US Airways Pilot Conflict Dominates Union Election
CHARLOTTE, N.C. (TheStreet) -- The ongoing campaign for election to the presidency of the U.S. Airline Pilots Association shows that while the faces have changed, the battle continues between the warring factions of pilots at US Airways (LCC).
US Airways merged with Phoenix-based America West in 2005. The merger generally succeeded, combining two weak airlines into a relatively strong one. But the combined carriers' image remains blemished by conflict between pilots from "the east" and "the west." They are divided by a controversial 2007 arbitrator's seniority ruling that seemed to favor west pilots, leading east pilots to orchestrate a 2008 departure from the Air Line Pilots Association, the primary pilot union, after 57 years.
|US Airways Pilots are voting for new officers at the union they formed in 2008.|
Because the east accounts for about two-thirds of the airline's pilots, of whom 4,195 are active, it has produced USAPA's first two presidents. That pattern may well continue in a race that pits Gary Hummel, 56, a Philadelphia-based Airbus A320 captain, against Eric Ferguson, 40, a Phoenix-based A320 first officer, in voting that concludes March 22. The winner begins a three-year term April 18. Current president Mike Cleary chose not to run.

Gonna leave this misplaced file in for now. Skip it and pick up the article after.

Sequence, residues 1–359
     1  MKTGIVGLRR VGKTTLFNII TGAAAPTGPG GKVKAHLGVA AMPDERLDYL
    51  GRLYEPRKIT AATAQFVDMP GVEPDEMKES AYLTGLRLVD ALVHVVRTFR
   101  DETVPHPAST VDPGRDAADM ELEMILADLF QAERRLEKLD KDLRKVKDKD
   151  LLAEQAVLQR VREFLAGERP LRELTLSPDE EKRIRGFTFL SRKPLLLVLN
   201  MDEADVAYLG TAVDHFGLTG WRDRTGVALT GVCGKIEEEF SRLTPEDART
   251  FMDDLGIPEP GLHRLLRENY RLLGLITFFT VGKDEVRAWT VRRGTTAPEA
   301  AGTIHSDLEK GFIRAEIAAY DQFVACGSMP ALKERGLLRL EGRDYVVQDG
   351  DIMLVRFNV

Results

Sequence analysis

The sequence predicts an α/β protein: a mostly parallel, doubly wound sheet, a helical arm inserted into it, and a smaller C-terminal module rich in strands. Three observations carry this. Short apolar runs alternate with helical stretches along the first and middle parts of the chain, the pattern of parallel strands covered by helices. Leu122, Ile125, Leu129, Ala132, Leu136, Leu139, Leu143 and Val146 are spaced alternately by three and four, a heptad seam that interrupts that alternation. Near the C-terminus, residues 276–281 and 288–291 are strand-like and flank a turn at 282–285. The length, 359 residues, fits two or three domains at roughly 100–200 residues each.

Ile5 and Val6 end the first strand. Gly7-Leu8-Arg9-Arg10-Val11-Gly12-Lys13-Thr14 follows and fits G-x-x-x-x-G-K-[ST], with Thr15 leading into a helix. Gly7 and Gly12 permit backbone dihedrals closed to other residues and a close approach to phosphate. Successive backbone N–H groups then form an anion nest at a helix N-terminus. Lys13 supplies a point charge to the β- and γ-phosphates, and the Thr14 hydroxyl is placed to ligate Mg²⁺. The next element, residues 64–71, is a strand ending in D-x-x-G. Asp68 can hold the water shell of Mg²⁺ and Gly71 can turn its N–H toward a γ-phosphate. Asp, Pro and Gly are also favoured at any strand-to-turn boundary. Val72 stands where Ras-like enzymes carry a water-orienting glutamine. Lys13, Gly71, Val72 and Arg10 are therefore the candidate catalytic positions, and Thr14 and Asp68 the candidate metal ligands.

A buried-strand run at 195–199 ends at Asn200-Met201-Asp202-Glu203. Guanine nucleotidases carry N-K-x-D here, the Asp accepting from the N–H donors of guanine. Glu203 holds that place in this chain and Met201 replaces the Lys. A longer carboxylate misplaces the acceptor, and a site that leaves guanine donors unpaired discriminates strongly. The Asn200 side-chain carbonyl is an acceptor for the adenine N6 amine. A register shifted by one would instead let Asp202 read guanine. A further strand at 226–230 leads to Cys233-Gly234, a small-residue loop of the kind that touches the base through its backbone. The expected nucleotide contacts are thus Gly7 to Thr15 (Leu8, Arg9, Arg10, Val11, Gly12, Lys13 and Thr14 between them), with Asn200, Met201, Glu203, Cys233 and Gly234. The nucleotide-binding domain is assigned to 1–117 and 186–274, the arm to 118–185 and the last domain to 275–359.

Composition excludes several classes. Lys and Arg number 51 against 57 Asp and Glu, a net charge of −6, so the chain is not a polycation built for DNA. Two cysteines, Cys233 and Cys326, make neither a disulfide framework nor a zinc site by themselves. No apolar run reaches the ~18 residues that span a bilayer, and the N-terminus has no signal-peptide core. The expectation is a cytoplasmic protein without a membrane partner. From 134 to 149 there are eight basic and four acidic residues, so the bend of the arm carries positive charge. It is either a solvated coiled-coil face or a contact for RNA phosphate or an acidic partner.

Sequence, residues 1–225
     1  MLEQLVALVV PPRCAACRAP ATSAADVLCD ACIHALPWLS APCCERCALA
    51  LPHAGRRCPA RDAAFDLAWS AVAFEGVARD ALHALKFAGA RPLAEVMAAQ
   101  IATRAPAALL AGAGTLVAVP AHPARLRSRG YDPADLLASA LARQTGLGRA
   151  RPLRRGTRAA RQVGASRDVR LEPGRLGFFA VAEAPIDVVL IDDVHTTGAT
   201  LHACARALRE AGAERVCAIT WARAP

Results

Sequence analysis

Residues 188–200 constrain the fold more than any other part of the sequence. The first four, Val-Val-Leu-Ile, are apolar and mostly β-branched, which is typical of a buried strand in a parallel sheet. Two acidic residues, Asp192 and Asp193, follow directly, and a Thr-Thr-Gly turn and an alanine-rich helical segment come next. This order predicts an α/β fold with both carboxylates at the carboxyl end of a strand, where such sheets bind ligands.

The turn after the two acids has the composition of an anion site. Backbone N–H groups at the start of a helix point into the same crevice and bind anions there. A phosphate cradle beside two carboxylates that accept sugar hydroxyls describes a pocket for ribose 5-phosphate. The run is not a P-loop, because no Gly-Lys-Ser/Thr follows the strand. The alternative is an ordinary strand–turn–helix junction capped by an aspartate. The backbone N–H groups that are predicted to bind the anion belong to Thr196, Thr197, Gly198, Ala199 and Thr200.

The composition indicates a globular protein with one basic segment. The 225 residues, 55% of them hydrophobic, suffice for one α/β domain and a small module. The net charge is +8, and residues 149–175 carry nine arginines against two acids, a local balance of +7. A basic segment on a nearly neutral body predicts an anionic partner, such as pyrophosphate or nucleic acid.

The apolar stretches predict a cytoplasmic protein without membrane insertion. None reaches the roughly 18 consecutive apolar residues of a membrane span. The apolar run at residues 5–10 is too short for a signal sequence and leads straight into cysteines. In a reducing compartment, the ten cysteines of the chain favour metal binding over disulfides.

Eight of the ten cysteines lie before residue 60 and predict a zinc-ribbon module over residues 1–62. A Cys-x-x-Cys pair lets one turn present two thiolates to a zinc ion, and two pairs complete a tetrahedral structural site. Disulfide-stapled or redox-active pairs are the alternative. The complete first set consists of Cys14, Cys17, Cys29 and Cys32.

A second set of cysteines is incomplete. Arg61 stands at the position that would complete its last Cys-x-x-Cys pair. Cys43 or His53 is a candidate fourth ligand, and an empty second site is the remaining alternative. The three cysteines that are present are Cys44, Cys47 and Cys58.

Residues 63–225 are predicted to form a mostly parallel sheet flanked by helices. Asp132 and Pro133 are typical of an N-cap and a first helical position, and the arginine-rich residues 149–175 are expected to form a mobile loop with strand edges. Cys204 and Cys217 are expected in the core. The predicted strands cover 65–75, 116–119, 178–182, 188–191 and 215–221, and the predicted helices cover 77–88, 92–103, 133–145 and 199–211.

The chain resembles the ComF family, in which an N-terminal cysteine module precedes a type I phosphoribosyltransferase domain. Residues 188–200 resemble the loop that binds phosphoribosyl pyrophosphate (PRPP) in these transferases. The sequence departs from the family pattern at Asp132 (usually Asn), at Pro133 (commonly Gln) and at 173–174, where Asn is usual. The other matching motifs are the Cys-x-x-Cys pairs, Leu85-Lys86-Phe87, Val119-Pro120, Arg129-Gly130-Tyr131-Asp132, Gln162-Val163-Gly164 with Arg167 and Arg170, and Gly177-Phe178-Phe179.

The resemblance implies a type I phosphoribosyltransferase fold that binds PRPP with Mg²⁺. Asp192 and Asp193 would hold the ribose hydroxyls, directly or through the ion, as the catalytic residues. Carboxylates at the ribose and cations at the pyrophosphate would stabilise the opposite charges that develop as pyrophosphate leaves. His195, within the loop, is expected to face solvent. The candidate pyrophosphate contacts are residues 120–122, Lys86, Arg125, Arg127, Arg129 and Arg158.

In a first round of voting that concluded Thursday, Ferguson won with 1,119 votes, 35% of the total, while Hummel got 1,012 votes, or 29%. Two other east candidates, now eliminated, drew 1,037 votes. Given the continuing sharp division between pilot groups, most of those votes will be expected to go to Hummel, but that is not to say that it would be impossible for Ferguson to pull off an upset.The candidates agree on one key issue: Pilots need a new contract, and the seniority dispute is keeping them from getting it. East pilots signed a bankruptcy-court contract in 2005, while the west contract was signed in 2003. Ferguson says his election "will be the quickest route to an industry-leading contract," although he notes it would have to include the seniority ruling, made by arbitrator George Nicolau. Could such a contract possibly be palatable to east pilots? Ferguson says their dissatisfaction would be a bargaining chip. "The union has the ability to say 'this is our price' because you have to have a ratifiable contract," he says: in other words, the contract must be better than what it would be with date-of-hire seniority, which the east would prefer. While firmly behind the ruling -- virtually all west pilots believe in the commitment both sides made to "final and binding" arbitration -- Ferguson said he is fully capable of representing all pilots.
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